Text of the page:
Sunday, March 26, 2017

Why I Choose to Utilize Psychiatric Medications.

I always hate it when I see those articles entitled, "How to get through anxiety or depression without medication." For a couple reasons. One, I always feel like they're looking down on those of us who do take medications. (I know this isn't always the case, so sorry if you've written one of these posts) And two, because those of us who do take medication for our mental health aren't cured be it. We still have to fight and struggle and utilize the same exact coping skills they are talking about in order to get or stay healthy.



I view medication as a helpful tool, but only a tool. I am not naive enough to ever consider it a cure. Choosing to take medications is a deeply personal choice that everyone needs to make for themselves and with their doctors. I am not a professional, just a 19 year old college girl, with a list of diagnosis, who has been on medication since she turned 15.

For my mental health journey medication wasn't a choice. It was a necessity. I do believe that there are some cases where medications are a necessity. Two of which I encountered were suicidal thoughts and hallucinations.

Medication did not cure me, it still hasn't, and it sadly never will. Such is one of my trials in life which I will endure until I meet my Maker. What medication did do is keep me alive and help me to stabilize in times of crisis.

It wasn't all good. I have had side effects from certain medications. When I went on one antidepressent it made me suicidal, as sometimes happens with SSRI's and adolescents. I went on one medication and didn't sleep for 76 hours straight. That was a bad one. These are just some examples. I am fully aware that psychiatric medications are not fool proof.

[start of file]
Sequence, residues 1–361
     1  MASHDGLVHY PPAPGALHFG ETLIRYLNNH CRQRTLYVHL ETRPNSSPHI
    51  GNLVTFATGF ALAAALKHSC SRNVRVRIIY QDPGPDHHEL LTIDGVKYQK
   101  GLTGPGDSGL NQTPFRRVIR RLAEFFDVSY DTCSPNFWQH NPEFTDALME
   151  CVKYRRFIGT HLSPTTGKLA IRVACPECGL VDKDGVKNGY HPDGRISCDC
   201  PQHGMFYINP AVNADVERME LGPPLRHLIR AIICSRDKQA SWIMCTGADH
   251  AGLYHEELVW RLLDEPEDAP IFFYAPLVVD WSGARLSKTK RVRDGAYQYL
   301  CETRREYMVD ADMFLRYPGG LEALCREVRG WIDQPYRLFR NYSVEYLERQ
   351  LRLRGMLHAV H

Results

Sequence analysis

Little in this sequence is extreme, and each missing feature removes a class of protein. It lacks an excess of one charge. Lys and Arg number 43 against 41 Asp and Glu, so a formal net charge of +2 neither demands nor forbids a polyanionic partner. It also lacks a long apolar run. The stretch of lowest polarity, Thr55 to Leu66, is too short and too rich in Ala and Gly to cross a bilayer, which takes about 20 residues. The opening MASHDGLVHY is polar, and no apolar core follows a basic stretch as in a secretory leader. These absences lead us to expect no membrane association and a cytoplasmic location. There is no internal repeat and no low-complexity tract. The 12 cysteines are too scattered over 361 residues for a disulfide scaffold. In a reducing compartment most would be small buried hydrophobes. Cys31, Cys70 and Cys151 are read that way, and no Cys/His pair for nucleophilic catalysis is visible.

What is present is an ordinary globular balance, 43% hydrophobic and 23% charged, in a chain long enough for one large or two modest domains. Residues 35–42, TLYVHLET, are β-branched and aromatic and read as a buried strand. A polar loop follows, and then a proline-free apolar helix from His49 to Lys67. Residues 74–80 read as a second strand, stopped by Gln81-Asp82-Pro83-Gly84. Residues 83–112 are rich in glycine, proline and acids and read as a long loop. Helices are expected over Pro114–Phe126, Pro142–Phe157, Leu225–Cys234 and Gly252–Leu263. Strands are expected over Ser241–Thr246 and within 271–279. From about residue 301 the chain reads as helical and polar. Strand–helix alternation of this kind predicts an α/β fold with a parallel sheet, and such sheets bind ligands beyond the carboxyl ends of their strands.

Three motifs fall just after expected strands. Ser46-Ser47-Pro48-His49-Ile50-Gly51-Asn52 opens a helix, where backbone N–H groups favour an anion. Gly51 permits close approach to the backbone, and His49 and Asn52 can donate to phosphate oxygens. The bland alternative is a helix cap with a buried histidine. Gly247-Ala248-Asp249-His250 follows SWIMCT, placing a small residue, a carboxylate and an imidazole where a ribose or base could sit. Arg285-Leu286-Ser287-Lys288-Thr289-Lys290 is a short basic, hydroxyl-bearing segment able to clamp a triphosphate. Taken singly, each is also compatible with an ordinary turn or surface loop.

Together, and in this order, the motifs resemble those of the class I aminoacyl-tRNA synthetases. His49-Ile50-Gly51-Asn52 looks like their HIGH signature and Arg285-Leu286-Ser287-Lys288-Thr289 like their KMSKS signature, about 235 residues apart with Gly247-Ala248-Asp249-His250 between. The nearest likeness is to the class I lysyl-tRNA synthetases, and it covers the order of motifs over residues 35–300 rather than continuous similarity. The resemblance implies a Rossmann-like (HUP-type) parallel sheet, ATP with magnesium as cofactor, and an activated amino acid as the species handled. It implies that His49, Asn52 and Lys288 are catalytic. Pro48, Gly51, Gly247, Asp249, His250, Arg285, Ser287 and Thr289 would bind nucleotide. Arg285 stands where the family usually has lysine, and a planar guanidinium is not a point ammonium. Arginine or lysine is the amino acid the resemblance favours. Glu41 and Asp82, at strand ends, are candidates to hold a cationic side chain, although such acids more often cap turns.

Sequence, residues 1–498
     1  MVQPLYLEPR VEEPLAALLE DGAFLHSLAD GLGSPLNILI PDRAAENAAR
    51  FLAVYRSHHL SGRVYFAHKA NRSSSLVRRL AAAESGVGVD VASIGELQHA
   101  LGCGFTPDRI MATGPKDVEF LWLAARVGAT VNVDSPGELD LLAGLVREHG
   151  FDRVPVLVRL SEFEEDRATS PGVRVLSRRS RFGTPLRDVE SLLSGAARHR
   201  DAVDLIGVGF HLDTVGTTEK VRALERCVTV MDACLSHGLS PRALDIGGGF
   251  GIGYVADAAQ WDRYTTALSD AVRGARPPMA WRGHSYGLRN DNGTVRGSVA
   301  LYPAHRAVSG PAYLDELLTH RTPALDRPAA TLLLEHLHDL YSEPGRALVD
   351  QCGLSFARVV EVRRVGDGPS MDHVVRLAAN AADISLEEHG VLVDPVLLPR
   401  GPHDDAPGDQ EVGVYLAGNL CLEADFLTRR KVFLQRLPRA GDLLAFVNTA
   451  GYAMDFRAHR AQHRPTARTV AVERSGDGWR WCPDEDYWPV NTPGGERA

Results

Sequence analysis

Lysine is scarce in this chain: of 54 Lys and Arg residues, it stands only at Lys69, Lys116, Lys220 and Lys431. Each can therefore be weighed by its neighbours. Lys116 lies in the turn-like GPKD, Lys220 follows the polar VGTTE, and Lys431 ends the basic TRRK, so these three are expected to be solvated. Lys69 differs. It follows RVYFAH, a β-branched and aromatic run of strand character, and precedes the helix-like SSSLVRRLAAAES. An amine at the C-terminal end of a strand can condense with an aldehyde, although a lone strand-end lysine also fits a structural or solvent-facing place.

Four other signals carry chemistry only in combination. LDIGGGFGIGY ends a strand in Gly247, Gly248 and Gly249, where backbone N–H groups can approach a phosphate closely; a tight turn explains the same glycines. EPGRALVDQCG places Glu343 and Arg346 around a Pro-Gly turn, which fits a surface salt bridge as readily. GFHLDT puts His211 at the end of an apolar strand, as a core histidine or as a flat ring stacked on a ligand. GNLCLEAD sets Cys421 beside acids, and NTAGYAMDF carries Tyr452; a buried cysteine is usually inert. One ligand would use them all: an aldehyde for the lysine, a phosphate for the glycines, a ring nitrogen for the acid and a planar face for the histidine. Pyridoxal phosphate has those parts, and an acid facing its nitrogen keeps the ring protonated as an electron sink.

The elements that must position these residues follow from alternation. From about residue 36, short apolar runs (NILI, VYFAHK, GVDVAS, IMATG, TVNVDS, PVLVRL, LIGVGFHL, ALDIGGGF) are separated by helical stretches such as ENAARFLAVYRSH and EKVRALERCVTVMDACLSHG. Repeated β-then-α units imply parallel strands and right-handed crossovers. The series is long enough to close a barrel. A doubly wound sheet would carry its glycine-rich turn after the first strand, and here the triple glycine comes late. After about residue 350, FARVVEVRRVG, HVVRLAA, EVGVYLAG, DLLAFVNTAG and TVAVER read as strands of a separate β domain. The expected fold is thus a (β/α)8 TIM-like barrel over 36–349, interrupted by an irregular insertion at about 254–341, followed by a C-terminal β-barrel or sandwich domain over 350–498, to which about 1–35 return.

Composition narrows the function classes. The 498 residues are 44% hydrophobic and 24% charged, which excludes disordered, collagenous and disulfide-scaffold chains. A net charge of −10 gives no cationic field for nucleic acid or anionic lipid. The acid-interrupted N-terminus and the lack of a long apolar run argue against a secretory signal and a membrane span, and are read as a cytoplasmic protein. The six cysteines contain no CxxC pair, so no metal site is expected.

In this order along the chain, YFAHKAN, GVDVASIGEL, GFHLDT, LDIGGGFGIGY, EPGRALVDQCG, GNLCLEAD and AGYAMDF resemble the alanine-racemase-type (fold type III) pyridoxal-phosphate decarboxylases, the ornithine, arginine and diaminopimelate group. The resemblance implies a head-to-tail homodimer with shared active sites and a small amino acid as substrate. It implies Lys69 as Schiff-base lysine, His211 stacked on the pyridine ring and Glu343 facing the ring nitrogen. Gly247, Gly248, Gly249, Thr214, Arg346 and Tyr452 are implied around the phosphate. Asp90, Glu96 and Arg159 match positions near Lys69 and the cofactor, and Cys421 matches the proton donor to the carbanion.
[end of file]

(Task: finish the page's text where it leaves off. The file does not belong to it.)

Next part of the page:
It takes time to find the right medication treatment. When you're stable for a while one might stop working and you might need to find a new one. I, for some unknown reason, tend to develop a tolerance to medications very very quickly. I'm always upping doses and maxing out so we have to switch to a different one. This is why it is extremely important to find a psychiatrist you like and work well with - not an easy task.

What I choose to focus on is the good that they do me when they're working. I focus on the good days. I take what I learn from each medication and add that knowledge to the ever-growing file folder that is my brain.

I don't want to be on medications forever. I, personally feel like I'm taking too much right now, but that's because I'm switching between a couple. However, I know that I need to be on medication right now. One day, after I've been stable for a while we will talk about weaning me off of my meds, but for now they are one coping skill I choose to use.

1 comment:

  1. Mental illness is just like any other illness. There are times that medication is absolutely necessary. If you had strep throat, diabetes, or high blood pressure...you would take the medication you need to be well. There aren't many articles or societal pressures telling you that you should be able to manage these medical issues without these medications. There is no medical difference when the illness is in your brain. This is one of the more socially acceptable ways that mental illness is still stigmatized. No one should ever have to justify taking medication for their illness including a mental one.

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